Seagrass habitat restoration and meadow creation may include efforts such as the physical planting of seagrasses, distribution or planting of seagrass seeds, or coastal engineering to modify sediment and/or hydrodynamic regimes. Historically, seagrasses have shown a remarkable capacity to recover from large disturbances without any direct intervention. This is due to a combination of relatively well-connected seagrass populations and life history strategies of tropical species allowing for rapid colonization and growth. Listed below are some good case studies of seagrass restoration observed across the globe:
Case studies of seagrass restoration
Restoration research in Australia and New Zealand has focused on small-scale experimental tests using a variety of techniques ranging from the planting of sprigs (seagrass fragments) or plugs (seagrass cores) to seed-based restoration. The majority of seagrass restoration trials to date have used shoot-based techniques, with at least 46 studies since 1986. Although survival of transplanted seagrass fragments or cores was low in many studies, promising results are reported, with transplant units surviving more than 2 years or showing shoot densities similar to naturally occurring meadows.
Scientists at the University of Western Australia are currently developing an approach to collect, process, and remotely deliver seeds of Posidonia australis, and have seen some early successes at the trial stages. The use of seedlings in restoration is more well-established, especially in the use of hessian bags which act as a substrate.
Understanding the importance of seedlings in seagrass restoration efforts, the Indian River Lagoon National Estuary Program is building a seagrass nursery at Hubbs-SeaWorld Research Institute in Melbourne Beach. This seagrass nursery infrastructure includes continuous water flow, create a saltwater habitat extension using restoration materials like grasses and mangroves, along with an oyster breeding program.
Similarly, seagrass restoration projects in the Gulf of Mexico include transplanting seagrass into restoration sites, seeding seagrass, and modifying sediment to facilitate seagrass growth (usually used in combination with transplanting or seeding). Many seagrass restoration projects in the Gulf of Mexico, especially in Florida, are done to mitigate seagrass loss due to development, as required by the Clean Water Act. Some projects attempt to benefit seagrass by addressing water quality issues.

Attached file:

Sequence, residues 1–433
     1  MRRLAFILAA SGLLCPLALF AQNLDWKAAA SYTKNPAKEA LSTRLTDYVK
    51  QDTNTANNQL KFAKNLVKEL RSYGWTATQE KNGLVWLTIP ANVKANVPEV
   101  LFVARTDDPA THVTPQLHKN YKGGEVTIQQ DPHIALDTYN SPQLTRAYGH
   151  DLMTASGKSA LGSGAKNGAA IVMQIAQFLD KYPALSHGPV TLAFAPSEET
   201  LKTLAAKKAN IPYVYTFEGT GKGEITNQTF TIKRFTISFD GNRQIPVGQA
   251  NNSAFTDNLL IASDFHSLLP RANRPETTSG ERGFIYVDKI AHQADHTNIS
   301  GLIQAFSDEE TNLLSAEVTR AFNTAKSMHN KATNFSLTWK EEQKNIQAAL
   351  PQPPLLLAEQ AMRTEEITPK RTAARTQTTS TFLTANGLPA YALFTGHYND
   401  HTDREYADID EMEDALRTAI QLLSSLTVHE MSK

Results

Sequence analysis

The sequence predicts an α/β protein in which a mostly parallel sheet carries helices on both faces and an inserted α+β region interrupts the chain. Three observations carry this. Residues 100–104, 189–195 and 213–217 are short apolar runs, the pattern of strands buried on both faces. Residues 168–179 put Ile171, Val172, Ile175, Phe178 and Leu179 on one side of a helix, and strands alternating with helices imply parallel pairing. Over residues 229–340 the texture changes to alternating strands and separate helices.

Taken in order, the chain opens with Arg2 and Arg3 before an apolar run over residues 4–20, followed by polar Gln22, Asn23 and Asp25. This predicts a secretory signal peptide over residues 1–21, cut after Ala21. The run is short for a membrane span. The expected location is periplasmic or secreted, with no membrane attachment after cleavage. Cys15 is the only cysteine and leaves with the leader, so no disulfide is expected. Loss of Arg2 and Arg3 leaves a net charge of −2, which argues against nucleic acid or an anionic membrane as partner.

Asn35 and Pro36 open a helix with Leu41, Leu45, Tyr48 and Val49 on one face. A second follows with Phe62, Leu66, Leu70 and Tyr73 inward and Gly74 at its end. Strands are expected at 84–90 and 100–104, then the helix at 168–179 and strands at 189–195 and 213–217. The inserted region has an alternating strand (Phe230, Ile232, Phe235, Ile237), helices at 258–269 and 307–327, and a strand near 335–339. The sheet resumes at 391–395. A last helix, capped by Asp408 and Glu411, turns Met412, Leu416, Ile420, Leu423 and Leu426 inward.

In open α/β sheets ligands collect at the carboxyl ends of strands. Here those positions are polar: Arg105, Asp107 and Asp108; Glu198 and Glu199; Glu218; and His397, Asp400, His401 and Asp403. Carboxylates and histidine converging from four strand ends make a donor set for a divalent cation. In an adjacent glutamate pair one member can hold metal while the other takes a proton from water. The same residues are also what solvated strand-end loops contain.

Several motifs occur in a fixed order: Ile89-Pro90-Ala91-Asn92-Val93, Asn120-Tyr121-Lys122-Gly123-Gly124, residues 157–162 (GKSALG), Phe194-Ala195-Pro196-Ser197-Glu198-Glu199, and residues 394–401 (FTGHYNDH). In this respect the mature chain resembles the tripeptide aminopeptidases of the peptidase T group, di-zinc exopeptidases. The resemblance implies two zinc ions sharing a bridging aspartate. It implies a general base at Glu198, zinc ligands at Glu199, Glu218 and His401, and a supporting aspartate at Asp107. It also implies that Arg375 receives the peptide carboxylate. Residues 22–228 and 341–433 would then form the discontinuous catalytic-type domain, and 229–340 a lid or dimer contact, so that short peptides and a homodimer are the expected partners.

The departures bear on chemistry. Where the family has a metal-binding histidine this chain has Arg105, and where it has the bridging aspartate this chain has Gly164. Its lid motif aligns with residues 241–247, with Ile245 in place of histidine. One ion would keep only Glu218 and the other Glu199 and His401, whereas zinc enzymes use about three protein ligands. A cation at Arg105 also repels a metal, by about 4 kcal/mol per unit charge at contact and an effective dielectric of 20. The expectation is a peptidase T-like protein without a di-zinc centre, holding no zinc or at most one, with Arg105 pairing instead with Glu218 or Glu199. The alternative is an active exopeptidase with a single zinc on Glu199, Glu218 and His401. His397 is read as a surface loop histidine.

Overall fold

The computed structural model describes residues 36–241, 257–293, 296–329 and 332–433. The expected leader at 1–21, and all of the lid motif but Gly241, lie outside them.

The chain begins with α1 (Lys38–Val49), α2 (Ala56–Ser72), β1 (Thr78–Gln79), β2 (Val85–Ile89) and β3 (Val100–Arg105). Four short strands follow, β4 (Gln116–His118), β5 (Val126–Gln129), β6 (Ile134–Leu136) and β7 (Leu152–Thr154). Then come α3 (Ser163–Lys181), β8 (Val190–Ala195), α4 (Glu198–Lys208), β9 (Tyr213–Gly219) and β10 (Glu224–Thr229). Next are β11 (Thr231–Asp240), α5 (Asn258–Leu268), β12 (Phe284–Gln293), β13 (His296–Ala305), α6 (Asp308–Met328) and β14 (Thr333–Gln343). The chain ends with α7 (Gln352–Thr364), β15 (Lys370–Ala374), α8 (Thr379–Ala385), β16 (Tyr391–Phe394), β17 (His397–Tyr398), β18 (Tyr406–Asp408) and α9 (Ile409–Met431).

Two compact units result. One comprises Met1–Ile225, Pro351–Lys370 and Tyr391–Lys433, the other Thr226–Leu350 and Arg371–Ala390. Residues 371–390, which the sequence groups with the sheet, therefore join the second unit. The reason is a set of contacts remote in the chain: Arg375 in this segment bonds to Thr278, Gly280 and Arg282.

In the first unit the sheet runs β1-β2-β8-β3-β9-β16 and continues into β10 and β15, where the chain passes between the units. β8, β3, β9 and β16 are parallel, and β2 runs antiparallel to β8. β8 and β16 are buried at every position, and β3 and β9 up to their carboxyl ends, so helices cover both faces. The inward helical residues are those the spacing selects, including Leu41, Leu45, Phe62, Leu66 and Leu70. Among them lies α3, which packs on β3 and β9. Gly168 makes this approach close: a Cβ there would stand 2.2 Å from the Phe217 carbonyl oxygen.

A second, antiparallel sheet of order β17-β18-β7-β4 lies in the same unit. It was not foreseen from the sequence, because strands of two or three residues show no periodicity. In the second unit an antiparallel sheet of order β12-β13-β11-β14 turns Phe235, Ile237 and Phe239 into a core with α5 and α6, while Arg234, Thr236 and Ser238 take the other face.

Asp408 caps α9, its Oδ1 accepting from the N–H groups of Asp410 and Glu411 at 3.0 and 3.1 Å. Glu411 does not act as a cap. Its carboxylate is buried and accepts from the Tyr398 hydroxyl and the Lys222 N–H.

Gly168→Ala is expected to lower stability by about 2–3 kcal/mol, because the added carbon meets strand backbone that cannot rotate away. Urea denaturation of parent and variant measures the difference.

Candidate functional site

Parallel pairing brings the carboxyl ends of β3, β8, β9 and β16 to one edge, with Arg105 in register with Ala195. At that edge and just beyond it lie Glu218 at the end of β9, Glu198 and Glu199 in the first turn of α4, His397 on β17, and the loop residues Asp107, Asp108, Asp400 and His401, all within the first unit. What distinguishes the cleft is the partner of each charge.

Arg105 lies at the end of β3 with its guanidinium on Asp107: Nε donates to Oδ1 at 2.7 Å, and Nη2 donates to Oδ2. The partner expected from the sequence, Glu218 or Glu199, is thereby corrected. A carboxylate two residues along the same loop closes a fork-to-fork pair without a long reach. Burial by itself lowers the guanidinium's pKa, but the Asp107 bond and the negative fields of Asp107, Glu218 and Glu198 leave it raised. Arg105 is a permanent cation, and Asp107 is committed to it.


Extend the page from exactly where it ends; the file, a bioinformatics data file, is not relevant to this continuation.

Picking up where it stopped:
The Indonesian government has launched a climate mitigation plan focusing on the country’s seagrass meadows, an overlooked ecosystem that ranks among the most efficient carbon sinks on the planet. The country’s maritime sector also holds untapped potential as a vast carbon sink. The country is home to 11.5% of the world’s seagrass meadows, a position the government wants to leverage to increase its carbon storage options. Experts have calculated seagrass sequestration of carbon per given area to be 35 times greater than that of tropical rainforests.
Commercial seagrass farming in India is environmentally promising as well, since it tackles the root cause of climate change. According to the research by the Central Marine Fisheries Research Institute (CMFRI) led by P. Kaladharan, seagrass farming in India can largely aid in sequestering carbon dioxide and help combat ocean acidification. This project would provide direct livelihoods to 200,000 families in the country according to the Aquaculture Foundation of India.
Levine Lawrence www.ecoideaz.com